The Newtown Pentacle

Altissima quaeque flumina minimo sono labi

devilish anxiety

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Thursday

– photo by Mitch Waxman

As described in yesterday’s post, on the 27th of September one was provided with a uniquely wonderful offer by my friend, Carter Craft. Carter owns a boat, and he offered to take me out for an afternoon’s navigation upon the absolutely lugubrious Newtown Creek.

We got lucky, with perfect autumn weather. That’s what the Pulaski Bridge looks like from below. Over the years, everything that’s I’ve written about that’s in the vicinity of this bridge, on either side of the creek – Brooklyn or Queens – has been tagged with the acronym DUPBO – short for “Down Under the Pulaski Bridge Onramp.”

– photo by Mitch Waxman

For the first 10 years or so of the time I’ve been hanging around Newtown Creek, boat excursions and tours were pretty frequent. With either Working Harbor Committee, or Newtown Creek Alliance or sometimes both – we’d hire out ferry boats to conduct public or private facing tours of the waterway. Working Harbor’s mission includes “educating the public about the harbor” and NCA’s is “reveal, restore, revitalize,” so bringing people here was a significant action for us. We’d also partner up with Open House NY and others to do boat tours.

When NYC Ferry came along about 8 years ago, they began hiring all the available ferry boats in NY Harbor to handle their success on the Rockaway line, and what that meant to us was that the only boats still available were luxurious party and dinner vessels, which were way out of the price range that any of the non profits could support. Ticket prices would have had to have been north of $100, just to cover costs of the boat itself.

– photo by Mitch Waxman

This hasn’t really been a terrible thing, necessarily, as my pal Will Elkins from NCA is a leading member of the North Brooklyn Boat Club and has been organizing paddling trips up the Creek for years. There’s a couple of giant row boats in their inventory, and plenty of kayaks. This provided for a more relaxed form of narration, and a slower pace.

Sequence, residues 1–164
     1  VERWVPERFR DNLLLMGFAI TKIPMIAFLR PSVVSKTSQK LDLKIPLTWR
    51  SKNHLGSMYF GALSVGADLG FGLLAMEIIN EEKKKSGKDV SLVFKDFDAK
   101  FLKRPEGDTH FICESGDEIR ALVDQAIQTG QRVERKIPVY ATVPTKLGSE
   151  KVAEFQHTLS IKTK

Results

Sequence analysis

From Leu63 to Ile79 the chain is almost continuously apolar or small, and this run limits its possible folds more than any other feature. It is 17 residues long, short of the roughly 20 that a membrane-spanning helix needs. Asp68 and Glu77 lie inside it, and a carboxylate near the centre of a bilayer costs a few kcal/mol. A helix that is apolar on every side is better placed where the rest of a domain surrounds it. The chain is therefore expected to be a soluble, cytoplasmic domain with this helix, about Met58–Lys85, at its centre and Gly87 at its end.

Then COVID came along, and thereby it’s been nearly three years since I’ve been out on the waters of my beloved Newtown Creek. When my pal Carter Craft contacted me, and said “I can’t let Mitch Waxman leave New York without taking him out on Newtown Creek,” one jumped at the chance to do so.

– photo by Mitch Waxman

Every time might be the last time. In this case, it’s my penultimate trip on the Creek. If you’re along the waterway this Saturday afternoon and you see a historic Fireboat passing by, wave at me. I’ll be the one in the filthy black raincoat waving a camera around. That’ll be the last one.

As of Sunday, I’ll be closing the cover on this part of my life. I’ve decided to keep on publishing here for a bit, just to maintain my own sanity. Things are so hectic at the moment, as I prepare to move to another state, that I find myself having to check with my phone to see what day it is. Writing these posts is the singular “non chaotic” activity I’ve got at the moment, so…

– photo by Mitch Waxman

That’s the Greenpoint Avenue Bridge. Every post that’s been published here since 2009 involving this bridge or the terrain surrounding it has been tagged with “DUGABO” or Down Under the Greenpoint Avenue Bridge Onramp.

The logic behind the DUPBO or DUGABO or DUKBO thing has always been to break the creek up into regions. The waterway is 3.8 miles end to end, with a large tributary called Dutch Kills branching off of it, and the surrounding territory and street grid is so byzantine and obtuse that it made sense to create “zones” just to stay organized around the “landmark” bridges.

– photo by Mitch Waxman

That’s what it looks like under the Greenpoint Avenue Bridge. You’re looking towards the Queens side there, in LIC’s Blissville, where Railroad Avenue is found. We navigated on, which I’ll describe in subsequent postings.

More coming…


“follow” me on Twitter- @newtownpentacle

Buy a book!

In the Shadows at Newtown Creek,” an 88 page softcover 8.5×11 magazine format photo book by Mitch Waxman, is now on sale at blurb.com for $30.

Written by Mitch Waxman

October 27, 2022 at 11:00 am

One Response

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  1. Love the circular windows in the Pulaski Bridge foundation – one with an a/c inserted – and the windows in the foundation of the Greenpoint Avenue Bridge.

    dbarms8878

    November 1, 2022 at 9:09 pm


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